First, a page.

Fred Meyer met Lisa Goodman in 1998. They enjoyed a long-term relationship, which author Hannah Seligson would describe as being “a little bit married.” Seligson cites a recent trend in some circles: First comes love, then comes a decade of being “a little bit married,” then comes marriage. Fred wed Lisa in 2017.
When the couple met, Lisa was a 37 year-old single mom, divorced for two years and living in Los Angeles with two young children. Over Labor Day weekend, when the kids were with their dad, Lisa was invited to a brunch party at the Venice Beach home of a friend who worked with her in advertising. Lisa recalls: “I forced myself to do something I really didn’t feel like doing.”
Fred, a neighbor in the apartment complex, was also invited to the party. “I came for the free food and drinks,” smiles Fred. His dog spotted Lisa as soon as she walked in carrying a batch of brownies. Lisa also caught Fred’s attention, and after spending the afternoon talking, he asked for her phone number. They both agree that there was an instant connection.
Three weeks later they had their first date. “We had fun that evening,” recalls Fred. “We always have fun together,” adds Lisa.
But Fred wasn’t thinking long term. He was then 30, just starting out in his career as a concert promoter, and had never been married. Fred explains: “Lisa and I were at different points in our lives. She had real responsibilities. I had none. Lisa was more mature than me.”
Their relationship continued even as Fred moved to San Francisco. They resumed the same pattern they had worked out in LA of being together every other weekend. In-between were the telephone conversations. “In some ways, our relationship was strengthened during that period,” says Lisa.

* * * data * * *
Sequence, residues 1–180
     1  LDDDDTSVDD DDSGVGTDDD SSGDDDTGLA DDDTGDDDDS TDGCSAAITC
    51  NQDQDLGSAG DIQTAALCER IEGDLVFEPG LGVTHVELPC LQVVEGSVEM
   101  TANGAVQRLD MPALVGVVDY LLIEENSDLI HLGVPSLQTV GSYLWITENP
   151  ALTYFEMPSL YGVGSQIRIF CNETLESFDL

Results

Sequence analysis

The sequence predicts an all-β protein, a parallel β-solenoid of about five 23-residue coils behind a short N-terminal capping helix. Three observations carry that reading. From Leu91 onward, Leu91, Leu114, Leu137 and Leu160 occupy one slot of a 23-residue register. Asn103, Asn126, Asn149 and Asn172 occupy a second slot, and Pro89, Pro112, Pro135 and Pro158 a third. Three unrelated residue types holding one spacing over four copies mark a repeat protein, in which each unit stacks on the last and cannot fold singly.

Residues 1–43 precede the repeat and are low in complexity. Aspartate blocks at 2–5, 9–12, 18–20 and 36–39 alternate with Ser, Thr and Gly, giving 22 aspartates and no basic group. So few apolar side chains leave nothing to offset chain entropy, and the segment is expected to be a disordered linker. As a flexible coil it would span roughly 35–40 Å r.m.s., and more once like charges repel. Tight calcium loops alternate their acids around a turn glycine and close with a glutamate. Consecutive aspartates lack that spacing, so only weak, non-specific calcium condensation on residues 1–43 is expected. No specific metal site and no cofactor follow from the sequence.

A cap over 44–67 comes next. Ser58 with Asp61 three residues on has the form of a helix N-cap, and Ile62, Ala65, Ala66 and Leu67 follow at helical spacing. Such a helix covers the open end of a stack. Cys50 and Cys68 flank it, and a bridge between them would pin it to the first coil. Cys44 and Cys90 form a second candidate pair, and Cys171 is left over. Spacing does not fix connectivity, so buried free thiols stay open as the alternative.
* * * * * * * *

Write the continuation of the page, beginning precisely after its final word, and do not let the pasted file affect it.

She continues: “I had never introduced my children to a potential boyfriend. But by the time of my daughter’s Bat Mitzvah in 2005, when Fred had moved back to LA, the four of us were interacting as a family. And Fred has remained an integral part of the kids’ lives through their high school and college graduations.”
Over the next decade, the idea of marriage was beginning to evolve for Fred. “Marriage and family just seemed to go together,” he remarks. “Her kids had become our kids. It felt right. There was no pressure whatsoever from Lisa.”
In fact, Lisa was content with the status quo. Linda Waite, a professor of sociology at the University of Chicago noted the following in her research: “There is a greater reluctance to marry among 50-plus women than men.”
Still, on June 17, 2016, when Fred got down on his knee, Lisa was happy to accept his proposal. They were walking on Pebble Beach in Monterey, California. Lisa’s mom, who lived in Chicago, had already approved of the ring.
Both Fred and Lisa had dreamed of a Jerusalem wedding. Their dream came true when they stood under the chupa with their two children on the Jerusalem balcony of Miriam Wernick and her husband, Rabbi Joe Wernick, a cousin of Fred’s dad. Fred said: “Getting married was the best thing I ever did. We should have done this a long time ago.”
Fred and Lisa were married on June 4, 2017. Mazal tov.